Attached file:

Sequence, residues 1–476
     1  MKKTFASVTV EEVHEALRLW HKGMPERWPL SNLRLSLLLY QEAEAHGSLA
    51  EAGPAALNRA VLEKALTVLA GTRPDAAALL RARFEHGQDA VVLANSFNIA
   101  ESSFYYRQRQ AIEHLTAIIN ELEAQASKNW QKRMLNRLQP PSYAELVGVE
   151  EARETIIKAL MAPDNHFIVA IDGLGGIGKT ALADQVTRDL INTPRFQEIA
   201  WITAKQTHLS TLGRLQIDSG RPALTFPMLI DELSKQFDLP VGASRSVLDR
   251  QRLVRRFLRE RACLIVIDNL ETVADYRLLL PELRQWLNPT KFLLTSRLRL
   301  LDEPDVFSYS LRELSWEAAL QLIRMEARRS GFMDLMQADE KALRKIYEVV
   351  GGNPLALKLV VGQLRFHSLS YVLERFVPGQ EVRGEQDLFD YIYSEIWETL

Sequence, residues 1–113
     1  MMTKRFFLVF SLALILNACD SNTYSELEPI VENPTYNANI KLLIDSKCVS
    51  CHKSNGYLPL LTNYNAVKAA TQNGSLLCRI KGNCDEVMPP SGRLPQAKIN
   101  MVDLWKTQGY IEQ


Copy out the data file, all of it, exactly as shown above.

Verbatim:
Sequence, residues 1–476
     1  MKKTFASVTV EEVHEALRLW HKGMPERWPL SNLRLSLLLY QEAEAHGSLA
    51  EAGPAALNRA VLEKALTVLA GTRPDAAALL RARFEHGQDA VVLANSFNIA
   101  ESSFYYRQRQ AIEHLTAIIN ELEAQASKNW QKRMLNRLQP PSYAELVGVE
   151  EARETIIKAL MAPDNHFIVA IDGLGGIGKT ALADQVTRDL INTPRFQEIA
   201  WITAKQTHLS TLGRLQIDSG RPALTFPMLI DELSKQFDLP VGASRSVLDR
   251  QRLVRRFLRE RACLIVIDNL ETVADYRLLL PELRQWLNPT KFLLTSRLRL
   301  LDEPDVFSYS LRELSWEAAL QLIRMEARRS GFMDLMQADE KALRKIYEVV
   351  GGNPLALKLV VGQLRFHSLS YVLERFVPGQ EVRGEQDLFD YIYSEIWETL

Sequence, residues 1–113
     1  MMTKRFFLVF SLALILNACD SNTYSELEPI VENPTYNANI KLLIDSKCVS
    51  CHKSNGYLPL LTNYNAVKAA TQNGSLLCRI KGNCDEVMPP SGRLPQAKIN
   101  MVDLWKTQGY IEQ